“Do you want me to come look?” I asked.

“No…yes….no. It’s not in here.”

“If I find the steak, you have to make dinner.” Faustian!

She dithered some more, then finally agreed to the terms. I walked to the fridge and pulled the leftover steak out and handed it to her.

“FRANNY HID IT!” she said.

“No, she sensibly put it under the mushrooms, since this glass container is so much heavier.”

Then I danced around like this naturally

while yelling “I’m RUMPLESTEAKSKIN!”

“WHAT SHOULD I MAKE! I NEED TO GET THE COOKBOOK!”

“It needs to have at least three salads and a foam course,” I said.

“I’ll make foam with dinner when you do.” That’s fair.

Joke’s on her, though. I’m going to make dinner myself because I have the day off and I like making dinner.

I treated myself to a bread machine recently. I had one for years that someone generously cast off to me, and I used it for a long time until I got ill. I’m not sorry I donated it, because it was full of wheat residue. I am one of those people who likes eating bread, but doesn’t care for how dough feels. Like, to jibbly levels of no thank you. I have been a proponent of drop biscuits for forever for this reason. Hence, bread machine intermediary.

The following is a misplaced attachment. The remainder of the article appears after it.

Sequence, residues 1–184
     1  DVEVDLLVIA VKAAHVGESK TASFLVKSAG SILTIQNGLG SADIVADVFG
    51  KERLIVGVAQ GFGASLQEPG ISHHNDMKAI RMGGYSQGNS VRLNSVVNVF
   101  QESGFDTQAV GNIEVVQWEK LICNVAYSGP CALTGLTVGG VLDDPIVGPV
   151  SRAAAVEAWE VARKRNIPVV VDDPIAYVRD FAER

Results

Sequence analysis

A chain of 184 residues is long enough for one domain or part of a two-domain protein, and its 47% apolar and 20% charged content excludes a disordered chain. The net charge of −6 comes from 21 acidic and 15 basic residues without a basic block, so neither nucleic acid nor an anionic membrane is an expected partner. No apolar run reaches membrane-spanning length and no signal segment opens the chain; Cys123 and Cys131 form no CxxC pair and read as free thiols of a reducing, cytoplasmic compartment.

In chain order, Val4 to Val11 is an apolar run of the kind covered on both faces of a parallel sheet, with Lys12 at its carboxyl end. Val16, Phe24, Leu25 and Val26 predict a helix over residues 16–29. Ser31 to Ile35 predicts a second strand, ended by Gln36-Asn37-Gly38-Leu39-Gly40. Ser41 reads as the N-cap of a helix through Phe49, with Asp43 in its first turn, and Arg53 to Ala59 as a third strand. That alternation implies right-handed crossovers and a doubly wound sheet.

As I think I’ve mentioned, I’ve done some runs at dairy free, gluten free breads, and have found the results mixed and fairly depressing. HOW MANY TIMES have I been snookered by a blog post claiming, “Your friends won’t even know it’s gluten free!” Like fun they wouldn’t, even if I was cruel enough to serve it to them. But now that we have our flour mix pinned down, and now that we have dairy back in the form of sheep and buffalo, it’s going pretty well. I am going to hang out on this cloudy day, drink coffee, and attempt a cheese garlic loaf in my almost-new machine. It had a test run last night with a cinnamon raisin loaf while we watched the first part of The Case of Jonbenet Ramsey.